By the 17th Century, bottled beer was commonplace, although expensive. The bottles were mostly consumed by elites who eschewed the common pubs for their rowdy publicans and tumultuous environment. For commoners however, it was off to the pub for a bit of the pint, and the beer that was drunk came right off of a cask. As beer styles became lighter and lower in alcohol, it became more of a challenge to keep them preserved in a cask. Louis Pasteur’s sterilization coupled with more modern refrigeration methods certainly helped in warmer climates, but in many cooler parts of the north, traditional cask beer remained largely unchanged.

Okay, let’s back up for a minute and go over some of the things that make cask beer unique. A cask is quite a bit different from a keg. First off, there is no downtube ensuring every last drop is used. Casks are designed to capture yeast and other large particles in the bottom as the beer is poured off. Kegged beer is filtered, fined, or centrifuged, making this action superfluous. Secondly, kegs use ‘head pressure’ provided by CO2 being pushed onto the beer to force it out of the faucet.

Cask beer is served one of two ways. If the cask is on a counter or bar top, a spigot is used to simply let gravity fill the glass. If the cask is stored below, a ‘beer engine’ is used to suction the beer up and into a waiting glass. In this instance, casks would traditionally be kept in a cellar, remaining at 55 degrees, the traditional temperature that cask beer is served at. At The Dram Shop, we keep our casks in our cask case at the front of the shop, which is chilled down to our lovely 55 degrees.

So that mostly covers the hardware part. Next, let’s talk about the beer itself. By the 1970s, the majority of draught beer was artificially carbonated, pasteurized, and filtered. That means that the beer is brewed and fermented normally. Then, when the beer is ready, it is heated to 161 degrees, run through a filter that removes all of the large particle proteins and sugars, and force carbonated with CO2 to augment any shortcomings. You end up with a clean beer that has an extended shelf life before turning sour. In order to make cask beer, you would capture beer in a cask after primary fermentation. At this point additional yeast and sugar or some kind of sweetener are added for a secondary fermentation inside the cask. Finings are added to assist in the dropping out of the yeast as well. Often times brewers add adjuncts at this point, such as hops, fruit, or other flavor enhancing ingredients. All of these additions stay in the cask, making for a cloudy appearance and often times a bigger mouth feel and more complex flavor profile.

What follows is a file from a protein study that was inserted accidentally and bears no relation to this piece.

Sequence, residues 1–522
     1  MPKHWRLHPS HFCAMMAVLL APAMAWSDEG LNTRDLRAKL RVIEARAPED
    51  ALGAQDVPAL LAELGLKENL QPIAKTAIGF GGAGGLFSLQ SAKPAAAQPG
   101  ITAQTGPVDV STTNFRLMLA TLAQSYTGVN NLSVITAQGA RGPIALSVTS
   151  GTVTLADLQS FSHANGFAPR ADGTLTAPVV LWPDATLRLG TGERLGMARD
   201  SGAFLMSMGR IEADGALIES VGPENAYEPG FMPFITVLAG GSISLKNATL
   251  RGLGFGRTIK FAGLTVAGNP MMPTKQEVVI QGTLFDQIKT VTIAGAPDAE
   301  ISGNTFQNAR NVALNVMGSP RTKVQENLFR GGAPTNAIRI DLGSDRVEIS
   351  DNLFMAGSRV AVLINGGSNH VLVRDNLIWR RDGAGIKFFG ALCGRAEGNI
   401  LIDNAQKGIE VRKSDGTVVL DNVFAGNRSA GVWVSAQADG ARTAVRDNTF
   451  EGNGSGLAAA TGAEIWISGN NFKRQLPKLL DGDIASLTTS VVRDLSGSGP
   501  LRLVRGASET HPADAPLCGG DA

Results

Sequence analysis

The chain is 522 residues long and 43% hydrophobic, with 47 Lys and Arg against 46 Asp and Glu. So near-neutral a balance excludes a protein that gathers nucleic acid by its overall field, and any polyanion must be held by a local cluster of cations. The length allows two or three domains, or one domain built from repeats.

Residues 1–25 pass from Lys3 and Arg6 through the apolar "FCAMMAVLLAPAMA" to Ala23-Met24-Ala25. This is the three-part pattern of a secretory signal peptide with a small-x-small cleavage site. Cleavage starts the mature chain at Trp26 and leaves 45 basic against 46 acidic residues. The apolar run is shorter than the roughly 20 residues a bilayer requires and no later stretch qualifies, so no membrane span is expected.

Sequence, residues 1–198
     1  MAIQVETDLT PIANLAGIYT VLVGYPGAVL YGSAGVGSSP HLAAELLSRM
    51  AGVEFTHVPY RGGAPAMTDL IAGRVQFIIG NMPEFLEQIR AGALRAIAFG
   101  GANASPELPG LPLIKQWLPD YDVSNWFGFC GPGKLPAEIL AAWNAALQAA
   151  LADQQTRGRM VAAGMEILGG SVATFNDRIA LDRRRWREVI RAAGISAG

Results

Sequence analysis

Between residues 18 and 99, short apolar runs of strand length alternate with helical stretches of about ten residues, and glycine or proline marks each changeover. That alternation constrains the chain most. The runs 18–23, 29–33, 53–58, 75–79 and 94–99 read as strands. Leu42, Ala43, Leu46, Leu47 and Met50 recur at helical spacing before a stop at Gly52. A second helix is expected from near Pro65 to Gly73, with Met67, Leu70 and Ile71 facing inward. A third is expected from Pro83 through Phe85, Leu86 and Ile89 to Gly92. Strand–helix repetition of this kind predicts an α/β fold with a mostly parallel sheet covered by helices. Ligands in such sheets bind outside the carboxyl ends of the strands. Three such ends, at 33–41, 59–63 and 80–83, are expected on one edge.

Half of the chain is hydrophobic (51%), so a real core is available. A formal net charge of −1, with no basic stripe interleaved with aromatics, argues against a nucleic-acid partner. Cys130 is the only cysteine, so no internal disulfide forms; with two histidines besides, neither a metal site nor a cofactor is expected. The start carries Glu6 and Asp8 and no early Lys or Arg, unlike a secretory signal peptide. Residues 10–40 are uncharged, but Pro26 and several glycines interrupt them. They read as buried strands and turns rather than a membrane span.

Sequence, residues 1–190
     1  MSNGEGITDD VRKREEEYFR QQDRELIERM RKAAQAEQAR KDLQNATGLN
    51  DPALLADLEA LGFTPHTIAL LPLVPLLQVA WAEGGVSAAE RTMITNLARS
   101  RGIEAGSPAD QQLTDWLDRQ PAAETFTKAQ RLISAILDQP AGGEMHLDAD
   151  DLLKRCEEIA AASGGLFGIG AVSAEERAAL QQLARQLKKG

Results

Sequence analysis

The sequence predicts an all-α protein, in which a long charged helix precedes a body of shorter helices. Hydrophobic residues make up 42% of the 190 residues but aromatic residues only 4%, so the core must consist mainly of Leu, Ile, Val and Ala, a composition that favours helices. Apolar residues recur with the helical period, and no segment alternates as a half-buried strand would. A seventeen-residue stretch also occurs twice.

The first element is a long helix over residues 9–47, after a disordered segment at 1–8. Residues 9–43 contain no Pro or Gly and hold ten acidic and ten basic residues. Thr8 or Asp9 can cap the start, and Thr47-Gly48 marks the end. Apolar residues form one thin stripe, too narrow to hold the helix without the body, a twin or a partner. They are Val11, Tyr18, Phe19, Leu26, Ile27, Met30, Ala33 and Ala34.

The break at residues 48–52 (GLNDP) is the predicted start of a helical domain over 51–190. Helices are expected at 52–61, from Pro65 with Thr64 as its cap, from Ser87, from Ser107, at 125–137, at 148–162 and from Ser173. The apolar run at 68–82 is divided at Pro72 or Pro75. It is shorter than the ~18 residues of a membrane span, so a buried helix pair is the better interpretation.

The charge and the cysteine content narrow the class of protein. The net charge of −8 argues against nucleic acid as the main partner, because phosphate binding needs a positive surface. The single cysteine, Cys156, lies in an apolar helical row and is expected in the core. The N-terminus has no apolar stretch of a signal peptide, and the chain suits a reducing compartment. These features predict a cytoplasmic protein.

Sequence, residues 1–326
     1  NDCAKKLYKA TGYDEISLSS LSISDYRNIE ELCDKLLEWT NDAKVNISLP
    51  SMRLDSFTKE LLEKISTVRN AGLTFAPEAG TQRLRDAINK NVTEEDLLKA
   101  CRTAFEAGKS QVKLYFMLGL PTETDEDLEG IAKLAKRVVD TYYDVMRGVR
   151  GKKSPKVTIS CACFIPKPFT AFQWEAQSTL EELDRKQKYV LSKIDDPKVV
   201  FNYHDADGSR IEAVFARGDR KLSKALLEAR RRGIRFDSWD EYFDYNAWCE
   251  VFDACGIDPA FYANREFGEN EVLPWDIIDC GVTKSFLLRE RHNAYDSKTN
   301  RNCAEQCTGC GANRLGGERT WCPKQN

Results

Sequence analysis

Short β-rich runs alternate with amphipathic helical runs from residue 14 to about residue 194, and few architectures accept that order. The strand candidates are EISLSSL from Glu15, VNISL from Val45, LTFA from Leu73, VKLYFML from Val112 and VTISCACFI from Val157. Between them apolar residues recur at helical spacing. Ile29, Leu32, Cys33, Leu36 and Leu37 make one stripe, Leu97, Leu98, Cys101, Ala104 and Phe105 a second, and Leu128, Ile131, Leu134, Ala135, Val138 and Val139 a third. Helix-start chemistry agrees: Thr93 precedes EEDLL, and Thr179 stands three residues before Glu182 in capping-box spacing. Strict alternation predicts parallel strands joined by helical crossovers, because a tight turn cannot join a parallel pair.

In 1973, The ‘Campaign For Real Ale’(CAMRA) was started and a movement back towards the roots of cask beer had begun in earnest. The qualifying definition is: “beer brewed from traditional ingredients, matured by secondary fermentations in the container from which it is dispensed, and served without the use of extraneous carbon dioxide.”

We love serving cask-conditioned beer at the shop and tap a new cask every Friday afternoon! The casks are from local brewers at Big Sky Brewing Co. and KettleHouse Brewing Co. We get to help come up with some crazy recipes that are fun to drink!

Tapping the cask

This Friday, we will be tapping a ‘Cherry-Chocolate Moose Drool’ that ought to be pretty delicious! Come see us this weekend and we’ll have fun trying some cask-conditioned beer together!    

 

 

By in News, What's on Tap 0

Smurfs and Beer…Seriously!

This past March, The Mighty Mo Brewing Co. (in Great Falls, MT) held a homebrew contest, and the winner was a Smurf. Seriously. But it’s not quite that simple. The style of beer was a Belgian Saison—a beer brewed with belgian yeast and featuring funky, sweet, and peppery overtones. The beer was brewed by Missoula’s Clint Nissen, and he has his kids to thank for the name.

As he was trying to think up a name, his kids were watching The Smurfs cartoon. So he decided to google Smurf. It turned out to be a Belgian cartoon, and the Saison had a name.

The prize for winning the contest for Clint was to go into The Mighty Mo Brewing Company and brew a batch of ‘Smurf’ on their brewing System. With only 20 kegs available, we were thrilled when Clint called to see if we wanted to serve a keg of the Saison at The Dram Shop in Missoula so that we could give everybody a chance to give it a try.

We’ll be tapping the homebrew keg of Saison this Wednesday June 3rd! Come on by have a pint!

Check out the article in the Great Falls Tribune about the contest!